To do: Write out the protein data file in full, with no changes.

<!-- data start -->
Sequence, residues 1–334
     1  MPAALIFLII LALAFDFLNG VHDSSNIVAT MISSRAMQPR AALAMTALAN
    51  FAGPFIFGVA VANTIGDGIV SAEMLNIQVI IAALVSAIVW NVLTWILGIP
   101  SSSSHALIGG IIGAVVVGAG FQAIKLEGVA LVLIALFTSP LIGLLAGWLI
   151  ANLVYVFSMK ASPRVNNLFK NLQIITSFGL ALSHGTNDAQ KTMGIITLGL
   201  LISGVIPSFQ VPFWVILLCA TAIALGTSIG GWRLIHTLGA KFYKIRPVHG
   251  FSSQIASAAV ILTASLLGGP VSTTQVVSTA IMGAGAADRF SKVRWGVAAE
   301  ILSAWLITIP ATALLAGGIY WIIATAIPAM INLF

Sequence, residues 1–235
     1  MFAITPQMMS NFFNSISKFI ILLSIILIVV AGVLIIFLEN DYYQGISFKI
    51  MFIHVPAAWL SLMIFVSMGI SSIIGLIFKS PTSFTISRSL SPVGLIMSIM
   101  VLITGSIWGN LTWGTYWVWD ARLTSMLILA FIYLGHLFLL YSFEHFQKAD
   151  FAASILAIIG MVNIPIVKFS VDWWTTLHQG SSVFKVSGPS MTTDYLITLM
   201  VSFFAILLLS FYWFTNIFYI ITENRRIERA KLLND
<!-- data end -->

Sequence, residues 1–334
     1  MPAALIFLII LALAFDFLNG VHDSSNIVAT MISSRAMQPR AALAMTALAN
    51  FAGPFIFGVA VANTIGDGIV SAEMLNIQVI IAALVSAIVW NVLTWILGIP
   101  SSSSHALIGG IIGAVVVGAG FQAIKLEGVA LVLIALFTSP LIGLLAGWLI
   151  ANLVYVFSMK ASPRVNNLFK NLQIITSFGL ALSHGTNDAQ KTMGIITLGL
   201  LISGVIPSFQ VPFWVILLCA TAIALGTSIG GWRLIHTLGA KFYKIRPVHG
   251  FSSQIASAAV ILTASLLGGP VSTTQVVSTA IMGAGAADRF SKVRWGVAAE
   301  ILSAWLITIP ATALLAGGIY WIIATAIPAM INLF

Sequence, residues 1–235
     1  MFAITPQMMS NFFNSISKFI ILLSIILIVV AGVLIIFLEN DYYQGISFKI
    51  MFIHVPAAWL SLMIFVSMGI SSIIGLIFKS PTSFTISRSL SPVGLIMSIM
   101  VLITGSIWGN LTWGTYWVWD ARLTSMLILA FIYLGHLFLL YSFEHFQKAD
   151  FAASILAIIG MVNIPIVKFS VDWWTTLHQG SSVFKVSGPS MTTDYLITLM
   201  VSFFAILLLS FYWFTNIFYI ITENRRIERA KLLND